Mr. LeRoy Brower
LeRoy Brower is the Director, Health Information Act (HIA) for the Office of the Information and Privacy Commissioner of Alberta. Over the past five years he has led the health team in providing oversight of the HIA, including investigating privacy complaints, mediating request for reviews under the HIA and Freedom of Information and Protection of Privacy Act (FOIP), and reviewing and commenting on privacy impact assessments submitted to the Commissioner. Mr. Brower has held FOIP positions in the Alberta Government as FOIP Coordinator, Municipal Affairs; FOIP Advisor, Environment & Energy; and FOIP Coordinator, Social Services. Prior to LeRoy Brower’s work with the FOIP and HIA legislation, he was a child abuse investigator for Social Services.
Dr. Jacquelyn Burkell
Jacquelyn Burkell is a member in the Faculty of Media and Information Studies at the University of Western Ontario. She holds a PhD in Cognitive Psychology, and her research interests include the social implications of technology. She is currently involved in a SSHRC-INE, along with Valerie Steeves and many other research partners, that examine the impact of technology on privacy. She teaches courses on technology in the Media, Information, and Technoculture program that examine new technologies and our interactions with them.
Ms. Anne Carblanc
Anne Carblanc is Principal Administrator of the Organization of Economic Cooperation and Development (OECD), Paris, France. Ms. Carblanc is on secondment to the OECD as Principal Administrator in charge of policy issues concerning the security of information systems and networks and the protection of privacy. Prior to joining the OECD, she was seconded to the Commission Nationale de l'Informatique et des Libertés (the French data protection authority) where she served as secretary-general for a five-year term. She had previously served 10 years in the French judicial system both as a judge in charge of criminal investigations and as the Head of the criminal legislative unit in the Ministry of Justice. Anne Carblanc has a degree in modern languages and literature and a Master’s degree in law, and qualified as a “magistrat” at the École Nationale de la Magistrature.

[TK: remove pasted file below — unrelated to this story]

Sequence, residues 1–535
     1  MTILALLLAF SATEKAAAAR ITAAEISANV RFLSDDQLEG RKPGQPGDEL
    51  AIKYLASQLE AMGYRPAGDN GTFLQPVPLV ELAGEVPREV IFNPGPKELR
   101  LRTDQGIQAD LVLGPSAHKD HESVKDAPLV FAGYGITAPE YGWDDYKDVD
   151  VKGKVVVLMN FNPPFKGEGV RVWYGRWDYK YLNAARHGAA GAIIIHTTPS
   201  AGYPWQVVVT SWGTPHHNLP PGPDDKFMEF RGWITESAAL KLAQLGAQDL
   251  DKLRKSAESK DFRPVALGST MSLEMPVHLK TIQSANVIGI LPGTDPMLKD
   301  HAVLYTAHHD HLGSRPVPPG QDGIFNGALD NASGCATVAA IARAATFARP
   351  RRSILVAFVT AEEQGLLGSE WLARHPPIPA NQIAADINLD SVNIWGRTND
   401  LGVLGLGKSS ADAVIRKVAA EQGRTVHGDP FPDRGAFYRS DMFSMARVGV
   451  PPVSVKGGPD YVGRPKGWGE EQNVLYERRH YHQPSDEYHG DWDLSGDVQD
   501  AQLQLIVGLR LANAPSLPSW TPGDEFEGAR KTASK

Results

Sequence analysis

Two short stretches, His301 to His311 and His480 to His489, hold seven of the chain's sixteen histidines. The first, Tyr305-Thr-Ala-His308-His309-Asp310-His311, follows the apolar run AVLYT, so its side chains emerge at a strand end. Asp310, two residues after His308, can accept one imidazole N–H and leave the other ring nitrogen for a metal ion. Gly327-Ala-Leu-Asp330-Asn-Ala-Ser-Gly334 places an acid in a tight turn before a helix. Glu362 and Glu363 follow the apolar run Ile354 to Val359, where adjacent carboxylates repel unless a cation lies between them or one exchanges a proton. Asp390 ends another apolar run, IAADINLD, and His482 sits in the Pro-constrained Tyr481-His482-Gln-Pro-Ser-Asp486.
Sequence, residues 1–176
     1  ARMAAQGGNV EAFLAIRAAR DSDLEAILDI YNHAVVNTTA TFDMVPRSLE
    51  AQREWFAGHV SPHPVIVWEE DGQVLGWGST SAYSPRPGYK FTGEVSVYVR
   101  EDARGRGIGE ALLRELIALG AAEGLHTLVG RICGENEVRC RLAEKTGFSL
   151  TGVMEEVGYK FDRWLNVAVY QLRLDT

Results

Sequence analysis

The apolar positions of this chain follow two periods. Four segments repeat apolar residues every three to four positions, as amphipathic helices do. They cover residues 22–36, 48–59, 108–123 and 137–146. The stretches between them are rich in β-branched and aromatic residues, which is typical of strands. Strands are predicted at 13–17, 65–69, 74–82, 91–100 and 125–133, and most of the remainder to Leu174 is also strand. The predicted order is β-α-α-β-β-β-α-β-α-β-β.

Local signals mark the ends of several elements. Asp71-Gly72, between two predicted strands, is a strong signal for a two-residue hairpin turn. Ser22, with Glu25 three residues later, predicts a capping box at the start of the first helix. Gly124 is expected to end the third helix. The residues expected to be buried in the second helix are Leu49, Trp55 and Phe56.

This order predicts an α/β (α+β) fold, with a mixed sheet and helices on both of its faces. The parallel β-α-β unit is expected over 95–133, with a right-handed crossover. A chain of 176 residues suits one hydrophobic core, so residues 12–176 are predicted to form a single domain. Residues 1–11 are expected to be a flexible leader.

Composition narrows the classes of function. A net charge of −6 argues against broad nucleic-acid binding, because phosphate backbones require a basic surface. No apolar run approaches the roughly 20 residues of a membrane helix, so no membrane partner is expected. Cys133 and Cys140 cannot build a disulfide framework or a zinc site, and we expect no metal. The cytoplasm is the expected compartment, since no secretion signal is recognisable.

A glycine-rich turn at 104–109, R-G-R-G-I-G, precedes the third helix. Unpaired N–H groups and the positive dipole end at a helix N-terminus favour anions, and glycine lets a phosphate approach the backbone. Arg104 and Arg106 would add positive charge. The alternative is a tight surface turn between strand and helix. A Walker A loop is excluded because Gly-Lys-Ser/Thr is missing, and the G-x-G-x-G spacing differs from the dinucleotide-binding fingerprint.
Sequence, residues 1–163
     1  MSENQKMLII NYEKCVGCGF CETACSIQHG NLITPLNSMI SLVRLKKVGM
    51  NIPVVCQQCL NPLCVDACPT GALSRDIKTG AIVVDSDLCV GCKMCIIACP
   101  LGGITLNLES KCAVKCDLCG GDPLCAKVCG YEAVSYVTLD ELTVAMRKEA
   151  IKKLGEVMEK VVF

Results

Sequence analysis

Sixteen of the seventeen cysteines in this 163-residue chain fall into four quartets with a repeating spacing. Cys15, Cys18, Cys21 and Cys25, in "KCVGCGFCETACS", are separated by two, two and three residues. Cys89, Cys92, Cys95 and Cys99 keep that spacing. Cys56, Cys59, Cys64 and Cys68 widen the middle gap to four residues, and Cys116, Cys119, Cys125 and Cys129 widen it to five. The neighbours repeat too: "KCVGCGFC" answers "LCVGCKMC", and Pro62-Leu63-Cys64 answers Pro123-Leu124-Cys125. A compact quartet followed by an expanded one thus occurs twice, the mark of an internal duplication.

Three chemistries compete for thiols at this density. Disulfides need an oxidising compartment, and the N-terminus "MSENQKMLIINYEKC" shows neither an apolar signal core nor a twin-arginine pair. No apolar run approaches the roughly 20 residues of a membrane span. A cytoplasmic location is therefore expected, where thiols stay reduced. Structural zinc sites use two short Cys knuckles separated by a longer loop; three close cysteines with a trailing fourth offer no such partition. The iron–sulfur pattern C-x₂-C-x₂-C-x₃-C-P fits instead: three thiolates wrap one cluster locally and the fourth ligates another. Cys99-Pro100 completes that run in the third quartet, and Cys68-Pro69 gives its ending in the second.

Dr. Timothy Caulfield
Professor Caulfield is an international leader in the field of health law. His influential research, particularly his analysis of the legal and social issues associated with emerging technologies, has been cited by numerous provincial, national and international policy makers, including the Supreme Court of Canada and the OECD. He has been Research Director of the Health Law Institute at the University of Alberta since 1993. In 2001 he received a Canada Research Chair in Health Law and Policy. He is also a Professor in the Faculty of Law and the Faculty of Medicine and Dentistry. He currently chairs several committees, serves on a number of research ethics boards, is an editor of the Health Law Journal and the Health Law Review, teaches Law and Medicine in the Faculty of Law, and provides health law lectures for other faculties. He has just been elected to the Royal Society of Canada.